C language pointers and two-dimensional array _c language

Source: Internet
Author: User

Two-dimensional arrays are conceptually two-dimensional, with rows and columns, but in memory all array elements are contiguous, and there is no "gap" between them. Take the following two-dimensional array A as an example:

int a[3][4] = {0, 1, 2, 3}, {4, 5, 6, 7}, {8, 9, 10, 11}};

Conceptually, the distribution of a is like a matrix:

0 1 2 3
4 5 6 7
8 9 10 11

In memory, however, the distribution of a is one-dimensional and linear, and the entire array occupies a contiguous amount of memory:

The two-dimensional arrays in C language are arranged in rows, that is, to store the a[0] row, then store the a[1] line, then store the a[2] line, and the 4 elements in each row are stored sequentially. Array A is the int type, each element occupies 4 bytes, and the entire array occupies 4x (3x4) = 48 bytes.

The C language allows a two-dimensional array to be decomposed into multiple one-dimensional arrays to be processed. For array A, it can be decomposed into three one-dimensional arrays, i.e. a[0], a[1], a[2]. Each one-dimensional array contains 4 elements, such as a[0] containing a[0][0, a[0][1], a[0][2, a[0][3].

Assuming the address of the No. 0 element in array A is 1000, the first address of each one-dimensional array is shown in the following illustration:

To better understand the relationship between a pointer and a two-dimensional array, we first define a pointer variable p that points to a:

int (*p) [4] = A;

The * in parentheses indicates that P is a pointer to an array, and the type of the array is int [4], which is exactly the type of each one-dimensional array that a contains.

[] has a higher priority than *, () is necessary to add, if the naked writing int *p[4], then should be understood as int * (P[4]), p becomes an array of pointers, rather than a two-dimensional array pointer, which is already mentioned in the "C language pointer array."

When you add (subtract) a pointer to an operation, its forward (backward) step is related to the data type it points to, and the data type that P points to is int [4], then the p+1 forward 4x4 = 16 bytes, and the P-1 back 16 bytes, which is exactly the length of each one-dimensional array contained in array A. That is, p+1 causes the pointer to point to the next row of a two-dimensional array, and p-1 causes the pointer to point to the previous row of the array.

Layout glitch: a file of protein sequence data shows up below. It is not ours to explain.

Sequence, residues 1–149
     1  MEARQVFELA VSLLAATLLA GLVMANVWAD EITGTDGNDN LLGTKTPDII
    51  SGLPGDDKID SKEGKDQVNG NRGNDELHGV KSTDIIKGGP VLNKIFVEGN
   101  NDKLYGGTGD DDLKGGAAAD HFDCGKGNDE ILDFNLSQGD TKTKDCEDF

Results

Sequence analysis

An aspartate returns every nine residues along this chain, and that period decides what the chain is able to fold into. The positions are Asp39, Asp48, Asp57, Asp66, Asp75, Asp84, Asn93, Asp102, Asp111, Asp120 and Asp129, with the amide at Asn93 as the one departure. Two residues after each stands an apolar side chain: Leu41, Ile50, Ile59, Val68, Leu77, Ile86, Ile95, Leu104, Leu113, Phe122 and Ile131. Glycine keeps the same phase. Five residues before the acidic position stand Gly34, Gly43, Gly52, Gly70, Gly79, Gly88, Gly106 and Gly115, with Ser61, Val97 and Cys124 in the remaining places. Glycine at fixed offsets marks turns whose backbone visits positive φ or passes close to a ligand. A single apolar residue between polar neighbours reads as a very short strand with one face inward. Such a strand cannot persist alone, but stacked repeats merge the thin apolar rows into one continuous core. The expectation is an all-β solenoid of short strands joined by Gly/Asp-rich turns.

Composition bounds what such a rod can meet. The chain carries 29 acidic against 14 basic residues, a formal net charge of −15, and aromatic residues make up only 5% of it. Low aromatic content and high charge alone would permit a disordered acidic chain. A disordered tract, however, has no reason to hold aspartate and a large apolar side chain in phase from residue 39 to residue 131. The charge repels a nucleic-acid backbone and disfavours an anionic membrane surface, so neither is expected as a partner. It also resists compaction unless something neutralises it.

The array name A is also converted to the P-equivalent pointer in the expression!

Let's explore how to use the pointer p to access each element in a two-dimensional array. According to the above definition:

1) P points to the beginning of array A, or line No. 0; p+1 forward line, pointing to line 1th.

2) * (p+1) means to take the data on the address, that is, the entire 1th row of data. Note that one row of data, multiple data, not the No. 0 element in line 1th, the following results are a powerful proof of this:

#include <stdio.h>
int main () {
 int a[3][4] = {{0, 1, 2, 3}, {4, 5, 6, 7}, {8, 9, n}};
 int (*p) [4] = A;
 printf ("%d\n", sizeof (* (p+1)));
 return 0;

Run Result:


3) * (p+1) +1 represents the address of the 1th element in line 1th. How do you understand it?

* (p+1) represents the 1th row of data when used alone, and is converted to the first address of the 1th row of data in an expression. That is, the address of the No. 0 element in line 1th because using the entire row of data has no actual meaning, and the compiler encounters this situation as a pointer to the NO. 0 element of the row; like the name of a one-dimensional array, The entire array is represented when defined or used with sizeof, &, and is converted to a pointer to the NO. 0 element of the array when it appears in an expression.

4) * (* (p+1) +1) represents the value of the 1th element of line 1th. Obviously, adding a * represents the data on the address.

According to the above conclusion, it is easy to introduce the following equivalence relation:

A+i = = P+i
A[i] = = P[i] = = * (a+i) = = * (p+i)
A[I][J] = = P[i][j] = = * (a[i]+j) = = * (p[i]+j) = = * (* (a+i) +j) = = * (* (p+i) +j)

Instances use pointers to traverse two-dimensional arrays.

#include <stdio.h>
int main () {
 int a[3][4]={0,1,2,3,4,5,6,7,8,9,10,11};
 int (*p) [4];
 int i,j;
 For (i=0 i<3; i++) {
  for (j=0; j<4; j + +) printf ("%2d", * (* (p+i) +j));
  printf ("\ n");
 return 0;

Run Result:

0 1 2 3
4 5 6 7
8 9 10 11

The difference between a pointer array and a two-dimensional array pointer

Pointer arrays and two-dimensional array pointers are very similar when they are defined, except that the parentheses are in different positions:

int * (p1[5]); An array of pointers, which can be removed directly by writing int *p1[5];
int (*P2) [5]; Two-dimensional array pointer, cannot remove parentheses

The pointer array and the two-dimensional array pointer are essentially different: The pointer array is an array, except that each element holds a pointer, taking the above P1 as an example, which occupies 4x5 = 20 bytes of memory in a 32-bit environment. A two-dimensional array pointer is a pointer that points to a two-dimensional array, taking the above P2 as an example, which consumes 4 bytes of memory.

The above is the C language pointer and two-dimensional array of data collation, follow-up continue to supplement the relevant knowledge, thank you for your support of this site!

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